WCVI 2008 Latino Vote Research and Analysis

"The Latino Vote in 2008: Trends and Characteristics"

by Antonio Gonzalez, President, and Steven Ochoa, Vice President of Public Policy and Research

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Executive Summary

In 2008, the Latino electorate grew to an estimated 12,148,790 registered voters and cast an estimated 9,701,288 votes in the November Presidential election, according to the William C. Velasquez Institute (WCVI). This represents a 79.85% turnout figure for Latino registered voters. Latinos also represented 7.43% of all votes cast in the United States in November.

Absentee and Election Day flash polls conducted by WCVI also show that record breaking Latino turnout decisively favored Illinois Senator Barak Obama over Arizona Senator John McCain in the Presidential Election. WCVI Latino voter polls show Senator Obama was supported by a 68.6% to 28.7%. This finding was echoed by the CNN National exit poll which found a 67% to 31% spread between Obama and McCain.

According to WCVI’s analysis of official election returns, three patterns of voting occurred in the Presidential elections:

  1. Racially polarized voting predominated in seven of nine “purple” states that voted for Democrat Obama in 2008 after voting for Republican Bush in 2004. In these states, minority block voting for Obama overcame White block voting for McCain. Latino block voting was decisive in Obama’s victory in New Mexico . Black block voting was decisive in Obama’s victories in Ohio , Florida , Virginia , and North Carolina . Blacks and Latino block voting collectively was decisive in Obama’s victories in Nevada and Indiana . In Colorado and Iowa , Barack Obama won all ethnic groups – including Whites.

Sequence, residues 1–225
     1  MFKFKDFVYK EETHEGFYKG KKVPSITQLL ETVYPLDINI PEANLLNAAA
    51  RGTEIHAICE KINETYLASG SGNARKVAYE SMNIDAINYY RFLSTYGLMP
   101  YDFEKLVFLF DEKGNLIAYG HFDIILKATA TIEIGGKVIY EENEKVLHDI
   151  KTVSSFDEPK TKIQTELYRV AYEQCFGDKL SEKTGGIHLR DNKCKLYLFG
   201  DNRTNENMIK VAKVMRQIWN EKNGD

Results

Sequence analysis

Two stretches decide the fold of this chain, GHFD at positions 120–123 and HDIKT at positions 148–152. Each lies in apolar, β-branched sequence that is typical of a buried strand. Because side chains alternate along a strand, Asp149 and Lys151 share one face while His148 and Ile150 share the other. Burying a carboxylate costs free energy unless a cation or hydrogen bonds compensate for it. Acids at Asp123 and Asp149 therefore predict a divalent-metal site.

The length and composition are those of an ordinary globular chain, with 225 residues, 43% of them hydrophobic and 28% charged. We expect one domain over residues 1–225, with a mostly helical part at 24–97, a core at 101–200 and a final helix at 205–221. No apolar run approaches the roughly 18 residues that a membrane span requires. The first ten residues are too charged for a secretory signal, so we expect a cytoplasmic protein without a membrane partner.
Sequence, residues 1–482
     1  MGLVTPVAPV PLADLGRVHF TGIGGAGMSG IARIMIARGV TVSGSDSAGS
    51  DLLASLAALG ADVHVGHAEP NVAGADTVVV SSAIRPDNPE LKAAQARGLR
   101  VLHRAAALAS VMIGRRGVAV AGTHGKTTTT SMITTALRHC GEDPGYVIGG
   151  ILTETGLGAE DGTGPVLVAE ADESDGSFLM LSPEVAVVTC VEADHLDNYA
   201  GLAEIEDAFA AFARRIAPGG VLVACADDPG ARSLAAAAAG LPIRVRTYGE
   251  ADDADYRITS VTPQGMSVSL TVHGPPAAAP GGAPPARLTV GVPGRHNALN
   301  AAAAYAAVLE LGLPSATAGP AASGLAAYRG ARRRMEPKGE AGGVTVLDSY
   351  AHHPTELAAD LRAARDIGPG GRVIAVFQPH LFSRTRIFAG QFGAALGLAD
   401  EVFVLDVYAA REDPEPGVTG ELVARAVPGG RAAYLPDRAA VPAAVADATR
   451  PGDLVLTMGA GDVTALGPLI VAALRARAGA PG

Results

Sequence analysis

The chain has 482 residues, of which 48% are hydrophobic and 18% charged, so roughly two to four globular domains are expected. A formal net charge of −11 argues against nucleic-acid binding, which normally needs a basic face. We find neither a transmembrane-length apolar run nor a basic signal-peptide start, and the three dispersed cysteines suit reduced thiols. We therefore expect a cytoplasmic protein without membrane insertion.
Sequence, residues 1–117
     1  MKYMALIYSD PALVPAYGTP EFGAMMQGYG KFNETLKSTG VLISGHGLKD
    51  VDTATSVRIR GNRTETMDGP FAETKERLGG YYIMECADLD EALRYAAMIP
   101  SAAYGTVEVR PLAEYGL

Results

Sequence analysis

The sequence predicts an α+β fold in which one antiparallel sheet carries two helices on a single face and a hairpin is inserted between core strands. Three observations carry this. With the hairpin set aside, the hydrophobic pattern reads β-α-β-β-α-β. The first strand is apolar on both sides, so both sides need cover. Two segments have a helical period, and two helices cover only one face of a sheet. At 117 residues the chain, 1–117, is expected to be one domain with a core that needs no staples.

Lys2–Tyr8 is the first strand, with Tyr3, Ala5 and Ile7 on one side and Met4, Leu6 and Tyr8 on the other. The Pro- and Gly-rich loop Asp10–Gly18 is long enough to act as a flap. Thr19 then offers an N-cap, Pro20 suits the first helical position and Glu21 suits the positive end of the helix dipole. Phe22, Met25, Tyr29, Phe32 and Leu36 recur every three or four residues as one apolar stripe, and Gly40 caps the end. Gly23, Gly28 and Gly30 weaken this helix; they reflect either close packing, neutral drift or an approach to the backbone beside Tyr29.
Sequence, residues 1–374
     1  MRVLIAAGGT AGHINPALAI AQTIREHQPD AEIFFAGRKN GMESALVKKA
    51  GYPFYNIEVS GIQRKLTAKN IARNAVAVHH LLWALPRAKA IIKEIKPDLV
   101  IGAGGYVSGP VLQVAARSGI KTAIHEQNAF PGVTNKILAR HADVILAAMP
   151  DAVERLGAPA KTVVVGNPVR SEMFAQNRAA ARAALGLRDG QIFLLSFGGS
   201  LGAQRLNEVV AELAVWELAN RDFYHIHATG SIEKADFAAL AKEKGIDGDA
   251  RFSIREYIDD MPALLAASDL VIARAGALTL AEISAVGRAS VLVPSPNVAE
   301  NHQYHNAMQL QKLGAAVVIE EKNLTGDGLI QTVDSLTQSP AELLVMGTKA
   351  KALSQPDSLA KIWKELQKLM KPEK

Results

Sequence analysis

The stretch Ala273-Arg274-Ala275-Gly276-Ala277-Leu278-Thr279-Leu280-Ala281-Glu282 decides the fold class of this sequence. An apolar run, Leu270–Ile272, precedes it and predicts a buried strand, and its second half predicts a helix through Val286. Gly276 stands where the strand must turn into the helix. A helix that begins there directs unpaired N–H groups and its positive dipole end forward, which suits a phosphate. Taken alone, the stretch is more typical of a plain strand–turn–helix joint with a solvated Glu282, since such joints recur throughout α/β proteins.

2. Non-racially polarized voting predominated in the 19 “blue states” that voted for Obama in 2008 and Kerry in 2004. In 16 out of 19 of these “blue states” all major racial/ethnic groups voted for Senator Barack Obama. In three states – Maryland , New Jersey , and Pennsylvania Whites voted along racially polarized lines for Sen. John McCain. However the margin they gave McCain was more than counterbalanced by the margin minorities gave Obama;
  3. Racially polarized voting predominated in all 22 “red” states that voted for McCain in 2008 and then-incumbent George Bush in 2004. White block voting for Republicans McCain and Bush overwhelmed minority block voting for Democrats Obama in 2008 and Kerry in 2004.

More broadly, aggregate data analysis shows that dramatic increases in minority voting that was more polarized for Obama in 2008 than Kerry in 2004. Conversely the data shows more modest increases in White voting that was less polarized for McCain in 2008 than it was for Bush in 2004.

When analyzed through partisan lenses, Democratic voting expanded significantly in 2008 compared to 2004, while Republican voting declined modestly.

Download the Entire Report here (PDF File)

For more information contact Steven Ochoa at 323.222.2217

 
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Antonio Gonzalez On the Airwaves
Antonio Gonzalez On the Airwaves